Best Wine Transport Mechanism: Box wine. If your mother drank her Carlo Rossi Rose out of a box when you were 10, you might laugh, but box wine rules. A five liter box maximizes space and is stable in a typical rolling suitcase. If you care about excess baggage charges, plan for two kilos a box. If you're coming from Lebanon, South Africa or France, pack a five liter box and your Istanbul friends will thank you profusely and finish it in one night.
Best Wine Transport Mechanism, Runner up: Wine Skins. A clever FOC (Friend of Carpetblog) who is a superior problem solver gifted a package of this genius product on her recent visit. It's as simple as wine bottle shaped bubble wrap and it's awesome. We leave several in our suitcase so we don't forget to carry them with us when we travel. We heart them.
Best Duty Free Scotch: We don't drink brown liquor but we know people who do and we aim to please. The Scotch Usta in the Stansted Airport offers helpful suggestions of obscure scotches that taste like ones your Scotch drinking friends like but may not have tried and make you look smart.
Best Source of American Products: Pakistan. We can't explain it, but there are real American brands in the supermarkets of Lahore and Islamabad: French's mustard, Duncan Hines cake mix, Pam cooking spray, Ziploc bags, Jif peanut butter, El Paso refried beans -- the list is endless. It almost makes a trip to Islamabad worth it. Almost.
Best, Cheapest Supply of Books in English: Again, Islamabad. Saeed Bookshop in the Jinnah Market has an amazing supply and most cover prices are less than $10. The international terminal in Islamabad has a good selection too. Since books in Istanbul are often double the cover price, this almost makes a trip to Islamabad worth it. Almost. The Karachi domestic terminal also has a great selection. We advise against a special trip, though. Nothing is worth a trip to Karachi.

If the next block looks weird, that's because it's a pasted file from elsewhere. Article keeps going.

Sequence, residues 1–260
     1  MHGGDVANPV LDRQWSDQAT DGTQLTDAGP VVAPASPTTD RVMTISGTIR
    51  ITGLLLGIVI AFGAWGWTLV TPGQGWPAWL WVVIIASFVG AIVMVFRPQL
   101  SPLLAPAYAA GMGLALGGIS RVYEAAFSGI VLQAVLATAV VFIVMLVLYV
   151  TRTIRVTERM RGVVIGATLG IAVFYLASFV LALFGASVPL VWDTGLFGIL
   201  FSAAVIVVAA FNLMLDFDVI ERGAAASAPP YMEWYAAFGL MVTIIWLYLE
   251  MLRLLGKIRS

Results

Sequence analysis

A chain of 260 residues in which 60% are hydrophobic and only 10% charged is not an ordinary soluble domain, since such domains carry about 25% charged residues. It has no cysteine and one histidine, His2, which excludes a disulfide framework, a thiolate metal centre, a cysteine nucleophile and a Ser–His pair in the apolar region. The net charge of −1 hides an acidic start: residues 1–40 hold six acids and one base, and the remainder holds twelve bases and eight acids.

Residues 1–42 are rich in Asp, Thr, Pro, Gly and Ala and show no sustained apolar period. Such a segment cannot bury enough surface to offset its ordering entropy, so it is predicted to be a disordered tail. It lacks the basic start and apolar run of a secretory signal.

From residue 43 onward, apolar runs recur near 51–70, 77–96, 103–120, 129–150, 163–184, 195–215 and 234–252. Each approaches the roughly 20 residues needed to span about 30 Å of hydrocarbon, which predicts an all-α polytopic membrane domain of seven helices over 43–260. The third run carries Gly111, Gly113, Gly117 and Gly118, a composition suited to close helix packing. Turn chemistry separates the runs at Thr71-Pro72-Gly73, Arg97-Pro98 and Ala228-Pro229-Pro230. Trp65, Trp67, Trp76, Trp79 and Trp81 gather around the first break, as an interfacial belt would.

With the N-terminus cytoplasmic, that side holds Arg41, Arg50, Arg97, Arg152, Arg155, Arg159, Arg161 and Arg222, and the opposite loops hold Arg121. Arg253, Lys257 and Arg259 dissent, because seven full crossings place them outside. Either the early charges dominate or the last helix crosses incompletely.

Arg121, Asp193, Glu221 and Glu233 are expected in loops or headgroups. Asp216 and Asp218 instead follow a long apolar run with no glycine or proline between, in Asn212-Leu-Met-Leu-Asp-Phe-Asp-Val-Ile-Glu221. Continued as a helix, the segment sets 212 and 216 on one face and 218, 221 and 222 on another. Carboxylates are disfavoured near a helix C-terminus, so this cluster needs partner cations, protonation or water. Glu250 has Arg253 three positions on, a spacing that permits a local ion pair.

Best Selection of Subcontinental Spices and Ingredients: Any Gulf supermarket. Let's say, for the sake of argument, you don't want to go to India, Pakistan or Bangladesh, but you crave and can't find such cuisines in your own city of 18 million (Is Istanbul the biggest city in the world without a Pakistani restaurant? Discuss). Since these countries' populations keep the Gulf states functioning, their culinary needs are well served in every major supermarket in the UAE, KSA or Qatar.
Best Place to Buy an Electronic Haddith Organizer and Tang at the Same Time: Jeddah. An absolutely perverse selection of orange colored products (Tang, Tide), religious frippery and rip off Chinese products. Not to be missed for the freak factor.
Most Underperforming Duty Free: Kyiv. With all the different vodkas available in that country, the offerings at the Duty Free are lame. Actually, this could be said for the whole of the FSU. But because vodka is so cheap and plentiful in every supermarket, it's worth bringing an extra suitcase and cushioning the bottles with pork loin. There are 54 breeds of pigs in Ukraine. Try one today!
Worst Duty Free: Putting Pakistan, Zimbabwe and Saudi Arabia aside, Doha has terrible duty free. It's half-assed, poorly laid out and they funnel you in there straight out of passport control. Doha airport is terrible in general. We avoid it. Also, Duty Free at Turkey's border with Bulgaria is also particularly grim.
Got any other hints?